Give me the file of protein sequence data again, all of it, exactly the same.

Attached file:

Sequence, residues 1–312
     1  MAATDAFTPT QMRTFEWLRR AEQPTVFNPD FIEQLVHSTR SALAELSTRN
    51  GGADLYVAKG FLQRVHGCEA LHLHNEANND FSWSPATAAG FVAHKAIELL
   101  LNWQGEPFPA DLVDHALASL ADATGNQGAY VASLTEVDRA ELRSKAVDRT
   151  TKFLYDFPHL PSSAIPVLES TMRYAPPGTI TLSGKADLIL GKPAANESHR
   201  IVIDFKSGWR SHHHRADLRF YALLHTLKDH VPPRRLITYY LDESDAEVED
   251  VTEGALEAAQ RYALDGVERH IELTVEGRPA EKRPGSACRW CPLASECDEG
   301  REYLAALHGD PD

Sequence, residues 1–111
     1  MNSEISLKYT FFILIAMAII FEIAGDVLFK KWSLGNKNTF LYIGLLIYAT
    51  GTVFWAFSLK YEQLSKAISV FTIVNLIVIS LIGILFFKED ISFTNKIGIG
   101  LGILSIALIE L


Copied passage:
Sequence, residues 1–312
     1  MAATDAFTPT QMRTFEWLRR AEQPTVFNPD FIEQLVHSTR SALAELSTRN
    51  GGADLYVAKG FLQRVHGCEA LHLHNEANND FSWSPATAAG FVAHKAIELL
   101  LNWQGEPFPA DLVDHALASL ADATGNQGAY VASLTEVDRA ELRSKAVDRT
   151  TKFLYDFPHL PSSAIPVLES TMRYAPPGTI TLSGKADLIL GKPAANESHR
   201  IVIDFKSGWR SHHHRADLRF YALLHTLKDH VPPRRLITYY LDESDAEVED
   251  VTEGALEAAQ RYALDGVERH IELTVEGRPA EKRPGSACRW CPLASECDEG
   301  REYLAALHGD PD

Sequence, residues 1–111
     1  MNSEISLKYT FFILIAMAII FEIAGDVLFK KWSLGNKNTF LYIGLLIYAT
    51  GTVFWAFSLK YEQLSKAISV FTIVNLIVIS LIGILFFKED ISFTNKIGIG
   101  LGILSIALIE L